British GP Car Updates

A technical analysis of the updates the teams brought to the 2019 British GP. There were no major updates brought here, however still some interesting changes. Mercedes have also said they will bring some larger updates to the next race in Germany.


McLaren, along with other teams including Renault and Red Bull ran a rear wing with a gurney flap. The gurney flap is a short flat plate, attached to the trailing edge of the higher pressure side of the wing as a device to increase downforce.

It works by causing the formation of a vortices in front of the gurney flap and two counter rotating vortices behind it. The rearward vortices  reduce the adverse pressure gradient near the trailing edge, which delays or stops flow separation. The vortices also increase the speed of the flow over the lower surface. Where as the flow over the top surface is slowed. Thus, increasing downforce. The rear vortices can be thought of as an extension of the wing, effectively creating a wing with a longer chord.

Their front wing received some minor updates too. Firstly the outermost under wing strake, teams are now limited to just two, has been shortened. Secondly, the position the first element meets the end plate has been lowered, whilst maintaining some curvature (the elements height front the ground varies in the span-wise direction). The element joining the end plate lower down will strengthen the vortex formed at the lower edge of the end plate.

McLaren at Silverstone
The gurney flap can be seen on the rear wing (black section at the trailing edge). As well as the curvature of the front wing and how it curves down towards the end plate. Credit @MclarenF1

McLaren also added some small turning vanes in the top of the floor, which continues to help direct the low energy wheel wake away from the car. There will also be vortices produced off the edge of each of theses vanes. These will also add to the ‘outwash’ the vanes create.


Mercedes reduced the size of their cooling flow outlets for the British GP. As the temperatures in the UK were lower than in Austria, less mass flow of air was required to allow enough heat transfer from components needing cooling. Thus they ran smaller cooling flow outlets, as running larger than necessary just results in unnecessary drag.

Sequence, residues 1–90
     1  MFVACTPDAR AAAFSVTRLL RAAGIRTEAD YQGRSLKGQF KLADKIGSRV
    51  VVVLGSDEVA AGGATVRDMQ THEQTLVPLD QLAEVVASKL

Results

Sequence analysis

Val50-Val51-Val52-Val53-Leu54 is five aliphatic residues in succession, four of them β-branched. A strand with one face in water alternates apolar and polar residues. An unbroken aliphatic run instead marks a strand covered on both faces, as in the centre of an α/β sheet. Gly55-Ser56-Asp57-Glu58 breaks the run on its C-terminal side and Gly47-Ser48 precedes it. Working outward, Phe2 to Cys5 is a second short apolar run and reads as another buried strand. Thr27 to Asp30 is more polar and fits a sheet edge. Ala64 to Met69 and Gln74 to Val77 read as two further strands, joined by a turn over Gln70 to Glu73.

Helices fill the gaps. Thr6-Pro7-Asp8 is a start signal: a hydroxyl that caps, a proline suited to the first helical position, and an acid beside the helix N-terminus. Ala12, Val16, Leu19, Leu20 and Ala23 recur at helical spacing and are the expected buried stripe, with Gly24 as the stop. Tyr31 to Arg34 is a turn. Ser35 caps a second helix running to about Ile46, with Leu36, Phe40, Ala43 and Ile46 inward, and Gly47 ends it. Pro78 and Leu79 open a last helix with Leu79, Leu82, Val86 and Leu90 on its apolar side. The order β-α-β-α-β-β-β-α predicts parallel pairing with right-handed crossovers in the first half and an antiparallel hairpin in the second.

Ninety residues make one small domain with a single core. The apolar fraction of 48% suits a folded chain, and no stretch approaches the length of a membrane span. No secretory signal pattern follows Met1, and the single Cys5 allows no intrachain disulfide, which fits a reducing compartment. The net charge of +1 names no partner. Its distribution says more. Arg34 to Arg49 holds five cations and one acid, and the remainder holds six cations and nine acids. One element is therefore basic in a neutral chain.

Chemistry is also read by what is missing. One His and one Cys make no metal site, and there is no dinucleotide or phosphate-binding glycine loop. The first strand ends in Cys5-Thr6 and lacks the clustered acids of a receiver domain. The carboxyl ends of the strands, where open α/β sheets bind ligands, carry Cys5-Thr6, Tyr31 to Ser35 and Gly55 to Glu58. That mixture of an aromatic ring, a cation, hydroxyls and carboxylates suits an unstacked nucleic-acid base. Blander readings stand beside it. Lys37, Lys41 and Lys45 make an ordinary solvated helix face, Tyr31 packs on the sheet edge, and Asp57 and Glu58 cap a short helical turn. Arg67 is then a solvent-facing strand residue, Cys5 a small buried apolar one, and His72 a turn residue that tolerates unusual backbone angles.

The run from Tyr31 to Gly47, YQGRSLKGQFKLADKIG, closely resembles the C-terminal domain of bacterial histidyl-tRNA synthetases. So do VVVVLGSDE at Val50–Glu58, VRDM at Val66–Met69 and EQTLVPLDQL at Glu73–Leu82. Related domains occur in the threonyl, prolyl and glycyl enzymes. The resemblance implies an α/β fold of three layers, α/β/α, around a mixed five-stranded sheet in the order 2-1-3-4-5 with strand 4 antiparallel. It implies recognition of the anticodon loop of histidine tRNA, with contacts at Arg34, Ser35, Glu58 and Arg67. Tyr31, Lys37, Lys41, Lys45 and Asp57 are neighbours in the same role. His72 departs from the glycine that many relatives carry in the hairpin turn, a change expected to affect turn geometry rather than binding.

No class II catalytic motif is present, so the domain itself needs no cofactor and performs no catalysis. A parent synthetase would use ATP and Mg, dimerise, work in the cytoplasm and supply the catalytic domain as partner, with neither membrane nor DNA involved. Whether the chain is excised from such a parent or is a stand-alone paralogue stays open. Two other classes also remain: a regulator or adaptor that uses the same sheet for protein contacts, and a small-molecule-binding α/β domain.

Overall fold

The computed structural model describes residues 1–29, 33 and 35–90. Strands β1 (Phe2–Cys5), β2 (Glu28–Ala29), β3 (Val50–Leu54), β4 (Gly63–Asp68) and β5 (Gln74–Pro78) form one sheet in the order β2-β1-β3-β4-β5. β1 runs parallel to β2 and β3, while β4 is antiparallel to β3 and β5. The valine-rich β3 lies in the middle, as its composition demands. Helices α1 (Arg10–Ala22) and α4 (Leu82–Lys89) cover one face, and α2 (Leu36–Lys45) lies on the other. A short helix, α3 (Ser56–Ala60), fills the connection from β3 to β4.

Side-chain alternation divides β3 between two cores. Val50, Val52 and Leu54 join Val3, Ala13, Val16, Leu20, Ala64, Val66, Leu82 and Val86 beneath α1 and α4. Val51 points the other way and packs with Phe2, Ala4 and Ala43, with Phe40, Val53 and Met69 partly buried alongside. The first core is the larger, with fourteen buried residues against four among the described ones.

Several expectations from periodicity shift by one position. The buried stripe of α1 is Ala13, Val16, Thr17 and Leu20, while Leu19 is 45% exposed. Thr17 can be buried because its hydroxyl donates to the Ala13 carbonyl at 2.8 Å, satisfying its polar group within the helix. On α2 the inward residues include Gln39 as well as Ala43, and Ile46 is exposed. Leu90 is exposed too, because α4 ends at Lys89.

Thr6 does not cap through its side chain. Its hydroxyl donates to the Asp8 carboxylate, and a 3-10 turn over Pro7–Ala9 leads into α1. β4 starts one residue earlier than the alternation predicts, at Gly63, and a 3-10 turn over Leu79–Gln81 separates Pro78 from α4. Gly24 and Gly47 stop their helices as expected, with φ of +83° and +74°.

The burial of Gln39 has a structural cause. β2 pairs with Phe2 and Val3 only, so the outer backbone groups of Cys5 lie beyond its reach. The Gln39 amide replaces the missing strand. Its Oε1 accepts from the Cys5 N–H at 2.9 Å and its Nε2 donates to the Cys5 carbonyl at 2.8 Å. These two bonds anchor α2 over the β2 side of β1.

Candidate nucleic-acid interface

Mercedes Cooling Outlet
One of the Mercedes cooling flow outlets. Image from @MercedesAMGF1

Racing Point

Having not had a foot plate that ran the full length of the front wing end plate previously, Racing Point cut it even shorter. The foot plate acts as a kind of housing for the vortex that forms there. So cutting it shorter will then allow it to start to drive outwash sooner than leaving if it were the full length of the end plate. This was tested but not raced, with the team reverting back to the longer, but still not full length, foot plate. This could be due to the shorter foot plate resulting in earlier breakdown of the vortex. 


The floor had extra support added to reduce flexion under load. This will help with driveability by making the rear downforce more steady and predictable. If the floor is flexing excessively it will lead to variations in rear downforce and as a result variations in the centre of pressure (aerodynamic balance).

Ferrari at Silverstone
The additions to the floor to strengthen it can be seen towards the rear of the floor.


An updated mirror housing was brought to Silverstone by the team from Grove. The main feature of this new mirror is a downward curved wing section above the mirror which will create a downwash over the side pods. They also now have a wing section above the side pod, similar to that of the Red Bull. It curves up towards the tip in order to reduce the strength of the tip vortex.

Williams Mirror and Side Pod
Image from Willimas twitter @WilliamsRacing. The mirror and side pod area can be seen clearly.